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Terrible Catastrophe is the first act finale, based conceptually on Mozart’s technique of long drama-packed first act finales in which multiple characters sing at the same time. The driving 13/4 time gives the Policeman’s announcement a breathlessness set against the more rhythmically stable 12/4 time of the anti-war sentiments, as Victoria and Roger the Pacifist wonder what the tragedy is of one less bomb plant.

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Act 2 opens with Lucas singing a reprise of Letter to Leah, this time a bitter complain in minor of how he will be killed through the lies of politicians and the war-mongering of people who are not at risk.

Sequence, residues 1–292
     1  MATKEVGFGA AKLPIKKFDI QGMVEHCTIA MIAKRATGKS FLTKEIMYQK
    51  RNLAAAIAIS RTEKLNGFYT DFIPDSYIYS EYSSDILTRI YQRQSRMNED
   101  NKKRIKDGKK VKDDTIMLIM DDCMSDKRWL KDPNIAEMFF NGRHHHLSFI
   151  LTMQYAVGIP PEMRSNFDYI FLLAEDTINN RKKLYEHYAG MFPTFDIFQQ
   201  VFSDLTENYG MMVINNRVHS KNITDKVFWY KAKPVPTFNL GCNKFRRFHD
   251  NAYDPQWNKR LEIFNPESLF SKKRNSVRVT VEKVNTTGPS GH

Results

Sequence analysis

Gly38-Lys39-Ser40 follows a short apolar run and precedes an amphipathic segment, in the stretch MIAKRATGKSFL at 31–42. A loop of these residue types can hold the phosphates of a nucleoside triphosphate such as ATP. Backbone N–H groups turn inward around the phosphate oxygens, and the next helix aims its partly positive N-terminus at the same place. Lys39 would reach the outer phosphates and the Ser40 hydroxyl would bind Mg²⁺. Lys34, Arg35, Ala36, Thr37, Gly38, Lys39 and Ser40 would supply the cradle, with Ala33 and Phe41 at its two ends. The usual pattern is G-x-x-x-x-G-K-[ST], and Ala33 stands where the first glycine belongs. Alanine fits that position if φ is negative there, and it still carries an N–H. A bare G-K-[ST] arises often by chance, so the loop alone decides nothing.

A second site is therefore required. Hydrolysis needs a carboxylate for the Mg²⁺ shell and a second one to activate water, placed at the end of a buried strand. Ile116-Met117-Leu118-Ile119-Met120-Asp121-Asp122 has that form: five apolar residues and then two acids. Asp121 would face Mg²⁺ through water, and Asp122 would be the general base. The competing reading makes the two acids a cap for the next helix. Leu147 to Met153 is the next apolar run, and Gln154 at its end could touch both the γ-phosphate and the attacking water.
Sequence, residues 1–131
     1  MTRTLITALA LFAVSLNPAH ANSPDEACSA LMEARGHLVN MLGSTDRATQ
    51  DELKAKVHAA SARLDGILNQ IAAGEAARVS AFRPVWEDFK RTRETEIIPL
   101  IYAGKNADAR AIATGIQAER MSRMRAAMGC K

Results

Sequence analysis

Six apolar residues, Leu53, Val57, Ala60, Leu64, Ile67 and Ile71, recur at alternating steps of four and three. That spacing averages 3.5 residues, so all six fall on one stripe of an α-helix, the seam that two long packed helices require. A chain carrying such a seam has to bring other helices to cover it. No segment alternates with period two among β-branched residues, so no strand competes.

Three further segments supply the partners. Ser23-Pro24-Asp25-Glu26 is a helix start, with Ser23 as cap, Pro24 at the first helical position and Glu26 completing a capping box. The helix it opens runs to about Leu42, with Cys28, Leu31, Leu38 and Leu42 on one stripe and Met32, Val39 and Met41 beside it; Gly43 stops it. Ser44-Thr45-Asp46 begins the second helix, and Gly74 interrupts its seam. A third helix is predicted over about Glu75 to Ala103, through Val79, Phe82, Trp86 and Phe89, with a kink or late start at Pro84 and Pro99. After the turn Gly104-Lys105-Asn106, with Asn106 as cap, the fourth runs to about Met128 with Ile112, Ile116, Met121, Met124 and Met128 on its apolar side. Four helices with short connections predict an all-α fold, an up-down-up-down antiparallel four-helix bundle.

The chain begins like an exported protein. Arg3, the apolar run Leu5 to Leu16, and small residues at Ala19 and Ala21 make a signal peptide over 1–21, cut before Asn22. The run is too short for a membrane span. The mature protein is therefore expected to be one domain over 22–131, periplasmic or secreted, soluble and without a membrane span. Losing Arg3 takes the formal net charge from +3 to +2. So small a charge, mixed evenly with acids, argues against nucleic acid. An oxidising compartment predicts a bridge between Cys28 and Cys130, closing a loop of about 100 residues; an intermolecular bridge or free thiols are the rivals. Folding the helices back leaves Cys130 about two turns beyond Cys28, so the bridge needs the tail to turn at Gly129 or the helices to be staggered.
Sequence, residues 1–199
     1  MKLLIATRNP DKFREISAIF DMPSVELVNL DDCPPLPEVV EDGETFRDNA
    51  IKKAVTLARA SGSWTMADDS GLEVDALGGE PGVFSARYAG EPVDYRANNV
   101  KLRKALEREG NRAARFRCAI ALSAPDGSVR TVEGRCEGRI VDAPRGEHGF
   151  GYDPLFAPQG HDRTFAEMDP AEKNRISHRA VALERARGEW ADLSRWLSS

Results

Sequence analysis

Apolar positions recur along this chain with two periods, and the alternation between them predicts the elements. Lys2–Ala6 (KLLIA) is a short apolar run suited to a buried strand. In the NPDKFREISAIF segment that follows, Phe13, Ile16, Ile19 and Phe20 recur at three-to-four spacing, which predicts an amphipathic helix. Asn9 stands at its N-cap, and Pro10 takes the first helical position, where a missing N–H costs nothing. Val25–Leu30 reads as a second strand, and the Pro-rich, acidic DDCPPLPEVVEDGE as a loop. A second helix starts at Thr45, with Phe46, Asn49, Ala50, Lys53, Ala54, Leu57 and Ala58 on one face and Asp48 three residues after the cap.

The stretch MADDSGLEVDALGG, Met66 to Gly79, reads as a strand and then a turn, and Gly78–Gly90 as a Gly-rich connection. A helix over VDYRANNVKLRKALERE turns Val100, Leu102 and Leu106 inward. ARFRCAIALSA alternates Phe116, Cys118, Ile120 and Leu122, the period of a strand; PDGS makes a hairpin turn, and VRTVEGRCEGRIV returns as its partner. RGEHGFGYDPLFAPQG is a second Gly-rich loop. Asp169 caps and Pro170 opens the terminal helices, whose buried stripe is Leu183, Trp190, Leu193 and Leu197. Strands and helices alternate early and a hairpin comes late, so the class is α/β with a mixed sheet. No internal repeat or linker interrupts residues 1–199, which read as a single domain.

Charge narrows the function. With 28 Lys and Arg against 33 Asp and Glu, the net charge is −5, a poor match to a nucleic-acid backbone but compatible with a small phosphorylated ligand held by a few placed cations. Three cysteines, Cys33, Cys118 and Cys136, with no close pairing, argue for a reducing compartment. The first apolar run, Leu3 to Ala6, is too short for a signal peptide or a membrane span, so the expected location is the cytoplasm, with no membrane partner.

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Death To Us is a drinking song in which the Rogers liberate Victoria by getting the Policemen to drink toasts to various patriotic sentiments. It is yet another anthem to how people can be manipulated by appealing to love of king and country.

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Victoria’s love song, A Boy Named Roger, is a take off on the eternal problem of choosing between two lovers. I am reminded of Neil Diamond’s Look Out Here Comes Tomorrow or Peter Yarrow’s Torn Between Two Lovers. My twist is that both lovers have the same name, allowing Victoria to sing, “I love a boy named Roger.” This line was the first line to come to me for this show. Roger, by the way, was the name of my best friend in second grade. He is now an ophthalmologist.